Wittenbaum said he worries that after being banned for 25 years following the deadly concert in Cincinnati, festival seating remains unsafe.
“When you allow people to be in mass, to be in a place, it’s an unstoppable force when they start moving,” he said. “And it doesn’t matter how they start moving. It only matters that the movement occurs. And it becomes like a tidal wave and people start to go down.”
He’s inviting anyone from the Houston region affected by Friday’s tragedy to visit Cincinnati on Dec. 4 to heal with a community who knows their pain all too well. On that day, Wittenbaum and others will hold a ceremony on the anniversary of the Riverfront Coliseum deaths at Finneytown High School. The event will also be streaming, he said, so anyone who can’t attend physically can still participate.
“Our community has been through it, the Finneytown community, the Greater Cincinnati, Northern Kentucky community,” said Wittenbaum. “We’d like to have this event as a way for people to come and heal, and anyone from the greater Houston area that would have the interest to come to Cincinnati, Ohio, on December the fourth would be welcomed with open arms.”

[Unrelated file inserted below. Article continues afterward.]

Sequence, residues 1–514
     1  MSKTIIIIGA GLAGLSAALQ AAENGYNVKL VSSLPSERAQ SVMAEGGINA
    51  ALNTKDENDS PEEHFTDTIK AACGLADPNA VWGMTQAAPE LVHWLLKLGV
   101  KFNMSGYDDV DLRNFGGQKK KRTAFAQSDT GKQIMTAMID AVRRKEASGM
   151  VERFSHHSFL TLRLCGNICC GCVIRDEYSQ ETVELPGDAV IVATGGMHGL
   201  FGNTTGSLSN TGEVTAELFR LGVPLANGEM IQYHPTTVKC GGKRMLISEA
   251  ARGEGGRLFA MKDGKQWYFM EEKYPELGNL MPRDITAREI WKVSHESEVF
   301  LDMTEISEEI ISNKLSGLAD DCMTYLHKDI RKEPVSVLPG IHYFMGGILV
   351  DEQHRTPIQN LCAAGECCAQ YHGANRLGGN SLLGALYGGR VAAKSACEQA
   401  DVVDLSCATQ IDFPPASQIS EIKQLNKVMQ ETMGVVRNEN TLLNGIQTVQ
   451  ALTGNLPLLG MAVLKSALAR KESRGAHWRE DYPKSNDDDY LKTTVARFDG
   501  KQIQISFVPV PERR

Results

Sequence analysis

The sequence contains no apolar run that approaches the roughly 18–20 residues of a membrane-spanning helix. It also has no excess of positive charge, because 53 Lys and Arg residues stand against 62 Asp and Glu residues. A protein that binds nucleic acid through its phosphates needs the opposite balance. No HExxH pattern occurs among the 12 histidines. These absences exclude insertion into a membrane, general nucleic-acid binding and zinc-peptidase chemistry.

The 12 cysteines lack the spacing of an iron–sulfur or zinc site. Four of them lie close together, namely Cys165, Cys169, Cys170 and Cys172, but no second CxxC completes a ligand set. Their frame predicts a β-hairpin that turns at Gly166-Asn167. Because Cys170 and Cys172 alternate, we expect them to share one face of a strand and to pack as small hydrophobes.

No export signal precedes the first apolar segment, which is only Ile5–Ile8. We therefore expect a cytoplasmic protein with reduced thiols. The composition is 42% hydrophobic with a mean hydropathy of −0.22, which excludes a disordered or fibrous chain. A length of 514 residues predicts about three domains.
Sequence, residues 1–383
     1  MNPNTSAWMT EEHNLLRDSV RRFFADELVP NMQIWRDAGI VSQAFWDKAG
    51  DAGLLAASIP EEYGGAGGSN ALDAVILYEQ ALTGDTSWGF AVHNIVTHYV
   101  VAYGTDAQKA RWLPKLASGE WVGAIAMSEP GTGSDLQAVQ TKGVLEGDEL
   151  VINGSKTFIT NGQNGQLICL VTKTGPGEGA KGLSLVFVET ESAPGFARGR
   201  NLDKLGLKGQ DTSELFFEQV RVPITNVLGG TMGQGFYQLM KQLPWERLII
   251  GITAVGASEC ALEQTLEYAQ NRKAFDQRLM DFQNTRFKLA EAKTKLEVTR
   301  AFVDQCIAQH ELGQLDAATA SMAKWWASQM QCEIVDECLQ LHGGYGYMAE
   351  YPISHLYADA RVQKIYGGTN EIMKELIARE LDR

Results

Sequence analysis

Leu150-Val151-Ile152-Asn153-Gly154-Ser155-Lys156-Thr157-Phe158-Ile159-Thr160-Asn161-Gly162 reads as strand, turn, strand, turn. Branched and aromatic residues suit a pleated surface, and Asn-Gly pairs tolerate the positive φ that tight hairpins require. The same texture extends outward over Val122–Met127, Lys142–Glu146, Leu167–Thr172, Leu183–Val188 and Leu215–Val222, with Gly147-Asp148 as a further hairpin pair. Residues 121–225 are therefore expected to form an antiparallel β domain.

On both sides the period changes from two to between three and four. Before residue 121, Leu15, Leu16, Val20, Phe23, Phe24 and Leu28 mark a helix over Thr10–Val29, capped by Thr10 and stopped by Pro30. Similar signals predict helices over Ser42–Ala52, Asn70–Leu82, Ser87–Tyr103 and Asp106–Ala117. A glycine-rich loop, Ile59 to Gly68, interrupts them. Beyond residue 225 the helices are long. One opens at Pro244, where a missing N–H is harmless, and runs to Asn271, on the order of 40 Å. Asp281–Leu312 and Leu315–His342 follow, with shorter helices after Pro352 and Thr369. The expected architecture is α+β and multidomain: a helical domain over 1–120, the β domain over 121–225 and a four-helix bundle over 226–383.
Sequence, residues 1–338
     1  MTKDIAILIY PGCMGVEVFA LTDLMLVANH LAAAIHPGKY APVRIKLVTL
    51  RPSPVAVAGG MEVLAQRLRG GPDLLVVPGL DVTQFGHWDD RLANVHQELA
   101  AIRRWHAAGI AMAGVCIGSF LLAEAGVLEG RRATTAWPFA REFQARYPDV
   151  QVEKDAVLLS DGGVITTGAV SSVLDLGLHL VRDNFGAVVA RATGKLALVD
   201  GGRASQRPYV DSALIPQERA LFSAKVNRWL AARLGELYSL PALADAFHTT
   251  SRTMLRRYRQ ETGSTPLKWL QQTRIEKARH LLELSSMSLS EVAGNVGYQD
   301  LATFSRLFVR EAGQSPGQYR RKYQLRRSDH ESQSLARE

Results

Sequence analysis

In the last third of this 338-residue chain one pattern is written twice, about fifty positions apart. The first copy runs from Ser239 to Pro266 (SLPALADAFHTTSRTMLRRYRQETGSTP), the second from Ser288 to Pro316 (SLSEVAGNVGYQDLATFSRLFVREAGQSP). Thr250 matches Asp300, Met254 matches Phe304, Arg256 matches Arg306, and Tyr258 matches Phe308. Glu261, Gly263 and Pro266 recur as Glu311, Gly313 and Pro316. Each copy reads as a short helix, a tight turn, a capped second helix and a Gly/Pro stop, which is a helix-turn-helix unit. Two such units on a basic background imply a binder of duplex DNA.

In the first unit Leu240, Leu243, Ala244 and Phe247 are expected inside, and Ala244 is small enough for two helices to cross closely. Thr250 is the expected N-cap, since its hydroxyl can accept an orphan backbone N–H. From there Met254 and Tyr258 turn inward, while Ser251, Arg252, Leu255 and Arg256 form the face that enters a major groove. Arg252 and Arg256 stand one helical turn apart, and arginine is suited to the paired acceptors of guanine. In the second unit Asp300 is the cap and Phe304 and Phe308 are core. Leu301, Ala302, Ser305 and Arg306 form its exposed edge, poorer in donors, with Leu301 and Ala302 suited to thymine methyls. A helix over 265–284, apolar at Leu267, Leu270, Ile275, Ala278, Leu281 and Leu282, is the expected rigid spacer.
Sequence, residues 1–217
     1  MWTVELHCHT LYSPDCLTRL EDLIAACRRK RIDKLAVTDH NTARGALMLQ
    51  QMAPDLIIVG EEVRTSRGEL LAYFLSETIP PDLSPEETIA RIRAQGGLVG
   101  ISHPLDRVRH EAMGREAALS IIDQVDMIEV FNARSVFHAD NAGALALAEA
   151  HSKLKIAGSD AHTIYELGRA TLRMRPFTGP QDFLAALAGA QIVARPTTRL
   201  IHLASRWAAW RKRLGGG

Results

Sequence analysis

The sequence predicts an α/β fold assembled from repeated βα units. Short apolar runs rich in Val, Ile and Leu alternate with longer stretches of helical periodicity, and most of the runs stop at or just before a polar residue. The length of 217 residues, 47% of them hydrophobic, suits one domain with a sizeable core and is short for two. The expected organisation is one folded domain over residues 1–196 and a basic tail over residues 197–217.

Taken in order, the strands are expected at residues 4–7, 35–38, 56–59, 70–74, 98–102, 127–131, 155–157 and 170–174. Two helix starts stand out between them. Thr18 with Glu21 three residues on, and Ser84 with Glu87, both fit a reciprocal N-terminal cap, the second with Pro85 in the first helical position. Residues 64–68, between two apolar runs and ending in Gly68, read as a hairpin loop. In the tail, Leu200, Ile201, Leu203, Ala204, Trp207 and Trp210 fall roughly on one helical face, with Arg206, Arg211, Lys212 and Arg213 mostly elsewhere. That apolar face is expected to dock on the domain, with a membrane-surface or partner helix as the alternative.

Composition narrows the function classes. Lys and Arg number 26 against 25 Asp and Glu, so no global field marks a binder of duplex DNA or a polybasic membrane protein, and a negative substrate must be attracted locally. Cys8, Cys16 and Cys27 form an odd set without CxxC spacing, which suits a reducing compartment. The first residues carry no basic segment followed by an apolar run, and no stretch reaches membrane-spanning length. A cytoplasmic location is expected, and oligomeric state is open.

The incident in Houston is still under investigation and Houston Mayor Sylvester Turner said authorities are working with Scott’s people to determine what went wrong.
Turner said Saturday that 13 people are still hospitalized, including five under the age of 18.
In a statement, Scott said that he was “absolutely devastated” by what happened and that the Houston Police Department had his “total support.”